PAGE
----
Figures indicate that provisioning peaked in 2009 and is now starting to decline. Provisioning reached $2.9bn in 2009, falling to $2.6bn in 2010. In the first quarter of this year, provisions amounted to $330m, about half the amount the same time last year. Bank executives say provisioning will be much more benign in 2011 and the Saudi Arabian Monetary Authority (Sama), the kingdom’s central bank, is also less worried about bad loans than it was last year.

However, profits are still a long way off 2006 levels, when a stock market boom inflated bank revenues through frenzied share trading on the Saudi Stock Exchange (Tadawul). In 2006, profit across the sector hit $9.4bn as a result of the income banks were making from the capital markets. Although banks now make more money in terms of operating income – $13.7bn in 2006 compared with $15.1bn in 2010 – provisions and rising expenses have eaten into that making them less profitable.

Low issuance

Recent weakness in the capital markets has also been felt. A lack of initial public offerings (IPOs) has deprived banks of a lucrative income stream, and a flood of issuances does not appear to be waiting in the wings. “The Capital Market Authority has been vigilant about what deals it lets through to the market because they don’t want to let an IPO through that eventually fails,” says Rajiv Shukla, head of global capital financing at HSBC in Saudi Arabia. “So while there is a backlog, it is not huge.”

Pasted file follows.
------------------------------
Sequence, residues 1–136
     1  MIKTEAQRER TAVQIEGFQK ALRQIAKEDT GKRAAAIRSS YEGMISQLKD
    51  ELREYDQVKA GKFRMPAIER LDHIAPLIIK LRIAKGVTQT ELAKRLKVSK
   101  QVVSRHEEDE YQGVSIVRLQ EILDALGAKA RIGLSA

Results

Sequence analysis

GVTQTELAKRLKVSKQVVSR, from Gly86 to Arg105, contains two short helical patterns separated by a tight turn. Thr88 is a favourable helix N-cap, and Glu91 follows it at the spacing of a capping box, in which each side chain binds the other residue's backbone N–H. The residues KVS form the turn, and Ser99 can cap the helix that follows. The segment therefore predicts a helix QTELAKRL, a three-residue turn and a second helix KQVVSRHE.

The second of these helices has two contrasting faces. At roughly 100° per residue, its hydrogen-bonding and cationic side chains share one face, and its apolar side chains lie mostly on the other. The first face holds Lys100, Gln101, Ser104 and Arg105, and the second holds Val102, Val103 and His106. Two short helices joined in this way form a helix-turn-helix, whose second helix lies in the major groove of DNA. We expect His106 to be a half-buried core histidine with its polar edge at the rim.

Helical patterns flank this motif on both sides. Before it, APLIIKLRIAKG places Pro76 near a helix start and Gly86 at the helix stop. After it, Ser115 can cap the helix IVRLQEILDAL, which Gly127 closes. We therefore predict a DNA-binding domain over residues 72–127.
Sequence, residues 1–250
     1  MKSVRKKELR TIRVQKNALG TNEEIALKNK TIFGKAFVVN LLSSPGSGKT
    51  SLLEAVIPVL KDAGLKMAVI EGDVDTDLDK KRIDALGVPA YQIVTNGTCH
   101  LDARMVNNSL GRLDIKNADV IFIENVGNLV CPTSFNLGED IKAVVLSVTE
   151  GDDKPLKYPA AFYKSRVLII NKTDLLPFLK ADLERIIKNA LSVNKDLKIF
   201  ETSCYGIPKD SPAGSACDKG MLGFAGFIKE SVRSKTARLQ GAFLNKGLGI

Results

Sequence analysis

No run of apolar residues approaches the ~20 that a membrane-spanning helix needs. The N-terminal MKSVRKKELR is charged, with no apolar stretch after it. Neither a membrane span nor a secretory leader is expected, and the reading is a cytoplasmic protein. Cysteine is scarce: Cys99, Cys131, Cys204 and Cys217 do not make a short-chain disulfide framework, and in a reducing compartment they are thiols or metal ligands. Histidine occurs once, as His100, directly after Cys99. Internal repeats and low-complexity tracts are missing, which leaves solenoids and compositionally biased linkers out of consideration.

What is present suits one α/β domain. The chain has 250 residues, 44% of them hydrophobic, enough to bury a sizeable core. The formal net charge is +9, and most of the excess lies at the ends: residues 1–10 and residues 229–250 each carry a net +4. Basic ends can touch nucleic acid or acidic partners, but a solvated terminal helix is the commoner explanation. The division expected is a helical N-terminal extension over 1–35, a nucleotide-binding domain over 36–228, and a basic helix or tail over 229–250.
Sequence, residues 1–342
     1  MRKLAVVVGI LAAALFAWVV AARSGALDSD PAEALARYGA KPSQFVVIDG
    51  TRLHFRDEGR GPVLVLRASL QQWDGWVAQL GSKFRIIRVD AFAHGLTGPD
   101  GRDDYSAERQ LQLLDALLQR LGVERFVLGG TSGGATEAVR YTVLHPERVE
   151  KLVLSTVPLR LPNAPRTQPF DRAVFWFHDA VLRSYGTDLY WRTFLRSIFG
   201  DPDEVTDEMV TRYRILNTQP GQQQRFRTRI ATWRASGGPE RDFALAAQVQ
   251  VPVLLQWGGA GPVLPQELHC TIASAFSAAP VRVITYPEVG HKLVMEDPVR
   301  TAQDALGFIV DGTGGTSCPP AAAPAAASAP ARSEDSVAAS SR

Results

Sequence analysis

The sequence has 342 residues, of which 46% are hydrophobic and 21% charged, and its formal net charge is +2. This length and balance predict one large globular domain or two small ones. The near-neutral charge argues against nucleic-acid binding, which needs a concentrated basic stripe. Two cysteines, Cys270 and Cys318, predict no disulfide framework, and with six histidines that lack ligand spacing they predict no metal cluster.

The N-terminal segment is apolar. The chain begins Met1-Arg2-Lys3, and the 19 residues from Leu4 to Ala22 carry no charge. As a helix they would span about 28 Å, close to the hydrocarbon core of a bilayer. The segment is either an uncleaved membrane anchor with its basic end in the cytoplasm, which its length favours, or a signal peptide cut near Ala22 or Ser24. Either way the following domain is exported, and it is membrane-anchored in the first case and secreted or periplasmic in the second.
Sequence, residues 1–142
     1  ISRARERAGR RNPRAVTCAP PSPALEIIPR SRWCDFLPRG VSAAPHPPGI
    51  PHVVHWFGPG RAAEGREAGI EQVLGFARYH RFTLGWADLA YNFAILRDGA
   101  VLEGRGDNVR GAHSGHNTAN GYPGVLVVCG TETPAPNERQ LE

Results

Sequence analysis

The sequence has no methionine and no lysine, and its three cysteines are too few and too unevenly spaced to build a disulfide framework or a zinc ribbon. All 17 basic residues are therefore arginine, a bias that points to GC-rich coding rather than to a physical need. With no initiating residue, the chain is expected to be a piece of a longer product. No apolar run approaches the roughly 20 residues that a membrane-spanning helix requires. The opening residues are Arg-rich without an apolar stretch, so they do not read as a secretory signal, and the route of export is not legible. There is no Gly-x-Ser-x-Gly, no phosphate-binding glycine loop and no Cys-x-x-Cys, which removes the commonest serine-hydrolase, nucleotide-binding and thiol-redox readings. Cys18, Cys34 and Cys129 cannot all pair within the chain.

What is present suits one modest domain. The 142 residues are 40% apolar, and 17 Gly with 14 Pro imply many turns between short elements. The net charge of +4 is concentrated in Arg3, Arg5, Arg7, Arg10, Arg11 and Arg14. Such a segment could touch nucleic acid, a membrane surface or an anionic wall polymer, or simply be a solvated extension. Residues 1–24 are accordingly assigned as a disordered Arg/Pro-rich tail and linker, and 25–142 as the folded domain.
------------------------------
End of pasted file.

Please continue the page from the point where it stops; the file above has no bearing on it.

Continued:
Banks are taking a lot of provisions … but the perception is that a lot of those provisions are behind them now

Khalid Howladar, Moody’s Investor’s Services

Attention has shifted to new areas of potential growth. Most banks have been trying to expand their retail operations, which tend to charge much higher interest rates than corporate banking. Interest rates on credit cards can be more than 20 per cent, while corporate loans can pay less than 1 per cent.

Competition in the retail space has been intense, however, and growth has been disappointing. “Everyone has been looking at retail banking for growth and that has made it very competitive, and also means it has not been as lucrative as we had hoped,” says one banking executive.